Working at the office
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Picture: the office I worked at in Kuala Lumpur

 

‘What would you do for a living, if money was no object?’

This question can keep me thinking for days.

 

Not many people consider it a feasible option and therefore never ask themselves this question. Nevertheless, it remains one of the most important questions in a lifetime. It’s a question of which the answer can eventually show you the way to true happiness.

 

 

Is it really all about the money?

Too many people have a job with the sole purpose of making money. The problem with this, is that if earning money is the goal you work for every day, gathering money becomes the goal in life. And as a consequence, money itself will get confused with happiness.

Plenty of people tend to believe that earning more money, increases happiness in the long-term. But it doesn’t.

It will make you happy for a while, after which you will be just needing more of it.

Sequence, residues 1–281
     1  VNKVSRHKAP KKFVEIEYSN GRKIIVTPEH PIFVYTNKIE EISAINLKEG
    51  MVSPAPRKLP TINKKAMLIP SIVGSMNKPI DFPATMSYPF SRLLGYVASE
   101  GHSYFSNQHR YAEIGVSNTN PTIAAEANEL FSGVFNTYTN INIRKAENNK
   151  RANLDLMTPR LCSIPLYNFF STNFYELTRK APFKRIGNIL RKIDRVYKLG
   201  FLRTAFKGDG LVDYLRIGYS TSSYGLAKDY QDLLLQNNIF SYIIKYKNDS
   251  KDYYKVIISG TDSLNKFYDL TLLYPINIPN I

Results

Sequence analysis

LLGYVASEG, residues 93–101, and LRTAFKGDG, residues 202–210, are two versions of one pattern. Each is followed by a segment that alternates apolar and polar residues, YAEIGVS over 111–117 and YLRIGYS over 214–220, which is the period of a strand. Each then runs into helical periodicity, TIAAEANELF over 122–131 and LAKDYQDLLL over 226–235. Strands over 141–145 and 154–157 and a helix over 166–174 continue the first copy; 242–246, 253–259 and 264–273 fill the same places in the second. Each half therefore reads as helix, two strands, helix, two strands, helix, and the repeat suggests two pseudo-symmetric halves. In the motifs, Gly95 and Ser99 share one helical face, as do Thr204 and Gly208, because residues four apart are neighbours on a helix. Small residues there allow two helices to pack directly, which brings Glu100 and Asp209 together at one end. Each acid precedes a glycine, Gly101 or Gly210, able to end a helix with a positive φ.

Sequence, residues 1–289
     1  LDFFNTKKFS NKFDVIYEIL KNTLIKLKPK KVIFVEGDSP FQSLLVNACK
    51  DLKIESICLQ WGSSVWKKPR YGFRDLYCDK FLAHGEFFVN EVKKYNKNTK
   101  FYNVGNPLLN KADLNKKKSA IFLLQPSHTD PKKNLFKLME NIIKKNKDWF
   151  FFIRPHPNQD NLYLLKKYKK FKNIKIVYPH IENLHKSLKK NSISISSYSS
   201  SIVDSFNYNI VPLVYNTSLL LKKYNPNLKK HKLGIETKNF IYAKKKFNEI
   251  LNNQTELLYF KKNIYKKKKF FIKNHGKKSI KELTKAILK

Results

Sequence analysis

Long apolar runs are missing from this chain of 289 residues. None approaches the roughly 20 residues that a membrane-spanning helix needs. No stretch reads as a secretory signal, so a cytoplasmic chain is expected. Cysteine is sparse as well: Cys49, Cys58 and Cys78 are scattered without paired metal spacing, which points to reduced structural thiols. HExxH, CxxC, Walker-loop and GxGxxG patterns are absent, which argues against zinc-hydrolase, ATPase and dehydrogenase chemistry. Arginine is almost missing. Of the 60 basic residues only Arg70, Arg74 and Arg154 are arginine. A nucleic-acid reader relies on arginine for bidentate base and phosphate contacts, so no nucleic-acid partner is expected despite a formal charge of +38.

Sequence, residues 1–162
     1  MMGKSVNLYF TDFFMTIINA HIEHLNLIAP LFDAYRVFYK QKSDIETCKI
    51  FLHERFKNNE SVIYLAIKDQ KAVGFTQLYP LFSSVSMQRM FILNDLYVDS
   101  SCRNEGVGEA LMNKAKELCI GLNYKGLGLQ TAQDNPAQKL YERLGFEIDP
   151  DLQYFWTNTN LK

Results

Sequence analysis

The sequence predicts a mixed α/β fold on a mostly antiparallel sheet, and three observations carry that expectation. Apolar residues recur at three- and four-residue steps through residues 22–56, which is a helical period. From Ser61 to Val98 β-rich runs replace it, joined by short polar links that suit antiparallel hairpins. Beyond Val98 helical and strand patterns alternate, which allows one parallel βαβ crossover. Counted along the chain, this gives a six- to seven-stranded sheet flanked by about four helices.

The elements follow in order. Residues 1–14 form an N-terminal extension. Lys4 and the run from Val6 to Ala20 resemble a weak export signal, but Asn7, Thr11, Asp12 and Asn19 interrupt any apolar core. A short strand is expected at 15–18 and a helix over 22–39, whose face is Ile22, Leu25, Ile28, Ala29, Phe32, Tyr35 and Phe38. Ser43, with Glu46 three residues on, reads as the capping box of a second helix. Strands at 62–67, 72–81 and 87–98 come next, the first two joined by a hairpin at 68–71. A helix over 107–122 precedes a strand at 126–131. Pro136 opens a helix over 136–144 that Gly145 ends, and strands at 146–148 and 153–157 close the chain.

It never stops. You will always find new ways to spend it all.

 

 

Value ‘state of mind’ over money

Once you enter the labour force, in most cases the weekly hours spent on the job, outnumber the weekly hours spent on leisure and social activities. A job takes such a huge chunk of your awake hours, it is directly linked to the state of mind you are in. A miserable job will make you feel miserable for a huge part of the day, no matter how good your private life is.

The remedy is not that simple. It means that either:

– The number of hours spent on the jobside have to be so little, it doesn’t affect your state of mind, or;
– The hours spent on the jobside actually are in favour of your state of mind

The second option often being easier achieved.

The state of mind is more important than making money.

 

 

Living > making a living

Too many people spent time doing things they don’t like, to spend their money on possessions that do not make them happy in the long-term.

Society can be incredibly backwards here: priority is mostly given to finding and keeping a job that generates enough money to make a living. Most people do not even bother to ask themselves whát makes their livings.